What factors actually affect crash severity and how can road safety programs be better targeted?
Keywords: Crash Data
Submission Date: 2008
The aim of this study was to develop a methodology that would better focus scarce road safety resources to fix those areas of the road network that have the greatest number of fatal and serious injury crashes.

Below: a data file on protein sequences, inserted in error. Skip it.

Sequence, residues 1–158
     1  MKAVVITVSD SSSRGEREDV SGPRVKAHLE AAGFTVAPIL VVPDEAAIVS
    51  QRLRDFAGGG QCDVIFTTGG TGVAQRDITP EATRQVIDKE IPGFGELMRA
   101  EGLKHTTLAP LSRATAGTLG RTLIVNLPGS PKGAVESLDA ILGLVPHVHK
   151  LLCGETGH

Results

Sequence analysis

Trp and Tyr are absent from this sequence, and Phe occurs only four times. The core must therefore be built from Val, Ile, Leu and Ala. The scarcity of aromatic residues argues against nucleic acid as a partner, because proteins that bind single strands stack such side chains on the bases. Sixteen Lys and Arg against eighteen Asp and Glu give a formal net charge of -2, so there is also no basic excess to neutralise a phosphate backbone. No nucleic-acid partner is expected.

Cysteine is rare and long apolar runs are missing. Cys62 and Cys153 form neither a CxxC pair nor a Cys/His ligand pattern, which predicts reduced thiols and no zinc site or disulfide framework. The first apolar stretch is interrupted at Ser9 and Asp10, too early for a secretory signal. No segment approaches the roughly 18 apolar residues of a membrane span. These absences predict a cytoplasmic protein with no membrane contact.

Cost-benefit analysis (CBA) is used to prioritise black spot projects with the economic benefit of a remedial treatment being the difference between predicted costs of crashes with and without the proposed treatment. In NSW and AusLink CBA a crash by type methodology is used to determine the benefits of a remedial treatment. In this methodology, costs of crashes and predicted treatment effects are defined in terms of crash types. The only inclusion of a severity value is with each crash type having two cost values, one where the speed limit is less than 80 km/h, and a higher value where the speed limit is 80 km/h or more. It is felt that these current crash values have shortcomings as they place too much emphasis on projects that prevent crashes of likely low severity. Data are readily available for factors that can predict the likely severity of reported crashes and the aim of this research was to examine and use these factors to better define categories of crashes and their values. This was found to have practical implications for improving the prioritisation of road safety crash reduction programs. Categories of crashes were identified, based on differences in average severity and their relevance to possible treatments. The analysis demonstrates the higher priority of projects that address more severe crashes when crash values are determined using…